[059] Input Impedance Measurements and Loop Gains

The relationship between loop gain and input impedance

Introduction

In this third part of this series of articles, Dr. Ridley discusses the fourth important frequency-response measurement made during full characterization of a switching power supply. The closed-loop input impedance is measured to be a negative resistance at low frequencies. The input impedance of a power supply is also complicated by the inclusion of input filter parameters in most practical measurements that are made.

Power Supply Transfer Function Measurements

There are four fundamental transfer functions that characterize the small-signal performance of a switching power supply. They are as follows:

  1. Loop gain and phase – determines the stability of your design, and available margin to accommodate variations in components.
  2. Output impedance – determines the output regulation, dynamic load response, and susceptibility to complex loading.
  3. Audiosusceptibility – determines the transmission of noise from input to output.
  4. Input impedance – determines the sensitivity of the power system to input filter or input power system components.

The first three parameters, loop gain, output impedance, and audiosusceptibility were discussed in the first two articles of this series. It is highly recommended that all three of these measurements are made on every switching power supply that you design and build. The loop measurement is essential to guarantee stability over the lifetime of the power supply, and the output impedance gives comprehensive information about the performance in the presence of load variations. The audiosusceptibility is measured is very useful for showing the rejection of noise from input source to output.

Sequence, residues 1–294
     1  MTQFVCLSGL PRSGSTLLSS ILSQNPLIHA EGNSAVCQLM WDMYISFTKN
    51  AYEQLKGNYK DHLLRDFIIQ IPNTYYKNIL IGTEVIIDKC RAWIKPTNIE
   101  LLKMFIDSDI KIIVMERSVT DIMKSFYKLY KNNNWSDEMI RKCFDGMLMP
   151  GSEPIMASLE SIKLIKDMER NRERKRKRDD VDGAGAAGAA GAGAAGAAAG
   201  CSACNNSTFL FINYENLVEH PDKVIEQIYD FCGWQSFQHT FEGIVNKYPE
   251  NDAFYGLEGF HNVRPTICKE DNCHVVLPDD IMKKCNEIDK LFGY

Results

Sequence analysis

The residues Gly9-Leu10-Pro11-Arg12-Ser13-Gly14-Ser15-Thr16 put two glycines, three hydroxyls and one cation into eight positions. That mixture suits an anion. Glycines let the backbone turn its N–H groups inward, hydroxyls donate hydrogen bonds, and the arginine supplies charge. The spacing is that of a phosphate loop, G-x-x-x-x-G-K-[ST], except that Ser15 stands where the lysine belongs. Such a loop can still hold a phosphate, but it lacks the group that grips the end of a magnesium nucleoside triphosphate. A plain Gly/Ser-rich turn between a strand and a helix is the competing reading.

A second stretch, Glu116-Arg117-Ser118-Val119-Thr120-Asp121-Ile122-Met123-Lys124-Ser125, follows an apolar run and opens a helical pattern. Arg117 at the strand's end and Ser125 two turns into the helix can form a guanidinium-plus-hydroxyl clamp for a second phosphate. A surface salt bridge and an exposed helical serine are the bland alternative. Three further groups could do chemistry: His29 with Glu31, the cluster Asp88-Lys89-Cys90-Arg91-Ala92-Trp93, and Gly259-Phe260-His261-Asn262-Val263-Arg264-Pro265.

An input impedance measurement gives information about the characteristics of the power supply input terminals. It is usually a requirement of the documentation package in the aerospace industry. As with the audiosusceptibility measurement, a signal must be injected on top of the high-power input rail. Once you have set up your test equipment to do audiosusceptibility measurements, input impedance measurements are straightforward to do.

Input Impedance Measurements

The input impedance measurement can predict how well the power supply will integrate into a system. If the input impedance is too low, it can load down the source and provide adverse system interactions. In order to measure input impedance, a voltage source must be injected in series with the input of the power supply as shown in Figure 1.

fig 1

Fig. 1: Input impedance is measured by adding a voltage signal at the input terminals of a power supply and measuring input voltage and input current perturbations.

Figure 2 shows how this is implemented practically using a frequency response analyzer and a few discrete devices. The output of the analyzer is connected to wide-bandwidth isolator which is then AC coupled to a FET hooked up as a voltage follower. The size and rating of the FET may vary according to the power level and voltage level of the converter that is being driven. This injection technique is much simpler and more cost effective than inserting a high-power amplifier in series with the input source, and will allow sufficient signal to be injected for most applications.

The only difference between this setup and the setup for audiosusceptibility is that the signals sent to the analyzer are different. For input impedance measurements, Channel B of the analyzer measures the input voltage perturbation, and Channel A measures the input current perturbation. The current is measured with some kind of transducer – either a small sense resistor, current transformer, or active probe.

 

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